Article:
This article is part of our ongoing Linux IPTables series of articles. When things are not working as expected with your IPTables rules, you might want to log the IPTables dropped packets for troubleshooting purpose. This article explains how to log both incoming and outgoing dropped firewal packets.
If you are new to IPTables, first get yourself comfortable with the IPTables fundamental concepts.
Log All Dropped Input Packets
First we need to understand how to log all the dropped input packets of iptables to syslog.
If you already have whole bunch of iptables firewall rules, add these at the bottom, which will log all the dropped input packets (incoming) to the /var/log/messages
iptables -N LOGGING iptables -A INPUT -j LOGGING iptables -A LOGGING -m limit --limit 2/min -j LOG --log-prefix "IPTables-Dropped: " --log-level 4 iptables -A LOGGING -j DROP
In the above example, it does the following:
- iptables -N LOGGING: Create a new chain called LOGGING
- iptables -A INPUT -j LOGGING: All the remaining incoming packets will jump to the LOGGING chain
- line#3: Log the incoming packets to syslog (/var/log/messages). This line is explained below in detail.
- iptables -A LOGGING -j DROP: Finally, drop all the packets that came to the LOGGING chain. i.e now it really drops the incoming packets.
In the line#3 above, it has the following options for logging the dropped packets:
- -m limit: This uses the limit matching module. Using this you can limit the logging using –limit option.
- –limit 2/min: This indicates the maximum average matching rate for logging. In this example, for the similar packets it will limit logging to 2 per minute. You can also specify 2/second, 2/minute, 2/hour, 2/day. This is helpful when you don’t want to clutter your log messages with repeated messages of the same dropped packets.
- -j LOG: This indicates that the target for this packet is LOG. i.e write to the log file.
- –log-prefix “IPTables-Dropped: ” You can specify any log prefix, which will be appended to the log messages that will be written to the /var/log/messages file
- –log-level 4 This is the standard syslog levels. 4 is warning. You can use number from the range 0 through 7. 0 is emergency and 7 is debug.
Log All Dropped Outgoing Packets
This is same as above, but the 2nd line below has OUTPUT instead of INPUT.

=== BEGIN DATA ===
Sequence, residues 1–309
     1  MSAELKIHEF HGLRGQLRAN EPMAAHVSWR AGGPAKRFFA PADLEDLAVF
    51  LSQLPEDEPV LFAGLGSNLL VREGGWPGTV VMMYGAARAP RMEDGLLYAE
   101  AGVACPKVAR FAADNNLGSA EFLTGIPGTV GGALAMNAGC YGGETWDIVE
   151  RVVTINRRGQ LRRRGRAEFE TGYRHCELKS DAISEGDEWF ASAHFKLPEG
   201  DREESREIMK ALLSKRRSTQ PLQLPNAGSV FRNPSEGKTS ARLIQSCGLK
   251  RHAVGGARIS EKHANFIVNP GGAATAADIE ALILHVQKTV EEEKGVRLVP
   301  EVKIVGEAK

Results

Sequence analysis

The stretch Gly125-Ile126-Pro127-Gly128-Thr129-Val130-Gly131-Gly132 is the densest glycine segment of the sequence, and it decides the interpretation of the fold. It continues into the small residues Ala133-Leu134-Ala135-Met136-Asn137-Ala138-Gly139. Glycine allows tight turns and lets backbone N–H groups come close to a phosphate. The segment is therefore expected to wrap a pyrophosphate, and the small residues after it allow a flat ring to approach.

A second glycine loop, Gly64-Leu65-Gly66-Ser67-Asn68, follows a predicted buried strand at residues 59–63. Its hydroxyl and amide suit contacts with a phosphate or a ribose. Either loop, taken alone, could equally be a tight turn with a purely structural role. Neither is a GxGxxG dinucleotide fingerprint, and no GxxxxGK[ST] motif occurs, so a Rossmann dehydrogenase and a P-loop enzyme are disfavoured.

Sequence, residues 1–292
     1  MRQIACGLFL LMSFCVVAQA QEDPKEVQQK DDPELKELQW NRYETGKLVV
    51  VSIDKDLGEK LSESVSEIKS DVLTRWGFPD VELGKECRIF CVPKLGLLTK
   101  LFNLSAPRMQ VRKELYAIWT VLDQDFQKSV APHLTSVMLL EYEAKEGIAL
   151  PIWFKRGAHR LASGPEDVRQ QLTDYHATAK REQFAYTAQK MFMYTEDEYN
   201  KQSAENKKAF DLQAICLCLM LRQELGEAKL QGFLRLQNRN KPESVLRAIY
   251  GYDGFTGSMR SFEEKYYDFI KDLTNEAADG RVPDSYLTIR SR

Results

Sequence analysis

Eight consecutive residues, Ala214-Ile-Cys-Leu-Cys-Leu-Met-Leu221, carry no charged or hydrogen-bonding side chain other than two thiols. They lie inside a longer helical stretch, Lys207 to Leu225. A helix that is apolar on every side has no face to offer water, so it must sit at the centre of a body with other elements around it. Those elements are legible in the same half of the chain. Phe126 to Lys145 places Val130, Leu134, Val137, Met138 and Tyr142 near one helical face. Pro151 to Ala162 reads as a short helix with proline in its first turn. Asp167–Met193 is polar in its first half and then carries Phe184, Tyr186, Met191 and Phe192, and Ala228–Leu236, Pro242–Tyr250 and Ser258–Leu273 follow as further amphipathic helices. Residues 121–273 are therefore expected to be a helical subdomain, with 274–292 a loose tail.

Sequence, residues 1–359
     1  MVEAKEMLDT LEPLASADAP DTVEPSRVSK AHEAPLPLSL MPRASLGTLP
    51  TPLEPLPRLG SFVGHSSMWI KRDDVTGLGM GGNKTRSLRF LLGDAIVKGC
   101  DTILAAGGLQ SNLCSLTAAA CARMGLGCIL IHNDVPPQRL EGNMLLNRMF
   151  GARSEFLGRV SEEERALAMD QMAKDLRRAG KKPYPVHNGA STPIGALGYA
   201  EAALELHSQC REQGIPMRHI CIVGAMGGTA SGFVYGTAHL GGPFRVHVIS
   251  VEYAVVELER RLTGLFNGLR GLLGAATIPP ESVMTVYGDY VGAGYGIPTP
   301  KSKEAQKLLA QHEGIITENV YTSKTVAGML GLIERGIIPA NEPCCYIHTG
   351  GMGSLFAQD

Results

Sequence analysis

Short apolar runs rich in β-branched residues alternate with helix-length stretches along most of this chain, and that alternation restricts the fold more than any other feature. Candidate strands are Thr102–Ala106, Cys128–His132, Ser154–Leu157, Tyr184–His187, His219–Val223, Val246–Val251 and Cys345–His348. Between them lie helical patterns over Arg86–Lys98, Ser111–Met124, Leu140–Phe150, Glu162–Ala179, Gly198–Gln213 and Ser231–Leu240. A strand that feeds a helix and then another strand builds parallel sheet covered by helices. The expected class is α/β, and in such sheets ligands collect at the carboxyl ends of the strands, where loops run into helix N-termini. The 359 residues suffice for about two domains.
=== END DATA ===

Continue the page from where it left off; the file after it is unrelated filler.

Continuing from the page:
iptables -N LOGGING iptables -A OUTPUT -j LOGGING iptables -A LOGGING -m limit --limit 2/min -j LOG --log-prefix "IPTables-Dropped: " --log-level 4 iptables -A LOGGING -j DROP
Log All Dropped Packets (both Incoming and Outgoing)
This is same as before, but we’ll be taking the line number 2 from the previous two examples, and adding it here. i.e We’ll have a separate line for INPUT and OUTPUT which will jump to LOGGING chain.
To log both the incoming and outgoing dropped packets, add the following lines at the bottom of your existing iptables firewall rules.
iptables -N LOGGING iptables -A INPUT -j LOGGING iptables -A OUTPUT -j LOGGING iptables -A LOGGING -m limit --limit 2/min -j LOG --log-prefix "IPTables-Dropped: " --log-level 4 iptables -A LOGGING -j DROP
Also, as we explained earlier, by default, the iptables will use /var/log/messages to log all the message. If you want to change this to your own custom log file add the following line to /etc/syslog.conf
How to read the IPTables Log
The following is a sample of the lines that was logged in the /var/log/messages when an incoming and outgoing packets was dropped.
Aug 4 13:22:40 centos kernel: IPTables-Dropped: IN= OUT=em1 SRC=192.168.1.23 DST=192.168.1.20 LEN=84 TOS=0x00 PREC=0x00 TTL=64 ID=0 DF PROTO=ICMP TYPE=8 CODE=0 ID=59228 SEQ=2 Aug 4 13:23:00 centos kernel: IPTables-Dropped: IN=em1 OUT= MAC=a2:be:d2:ab:11:af:e2:f2:00:00 SRC=192.168.2.115 DST=192.168.1.23 LEN=52 TOS=0x00 PREC=0x00 TTL=127 ID=9434 DF PROTO=TCP SPT=58428 DPT=443 WINDOW=8192 RES=0x00 SYN URGP=0
In the above output:
- IPTables-Dropped: This is the prefix that we used in our logging by specifying –log-prefix option
- IN=em1 This indicates the interface that was used for this incoming packets. This will be empty for outgoing packets
- OUT=em1 This indicates the interface that was used for outgoing packets. This will be empty for incoming packets.
- SRC= The source ip-address from where the packet originated
- DST= The destination ip-address where the packets was sent to
- LEN= Length of the packet
- PROTO= Indicates the protocol (as you see above, the 1st line is for outgoing ICMP protocol, the 2nd line is for incoming TCP protocol)
- SPT= Indicates the source port
- DPT= Indicates the destination port. In the 2nd line above, the destination port is 443. This indicates that the incoming HTTPS packets was dropped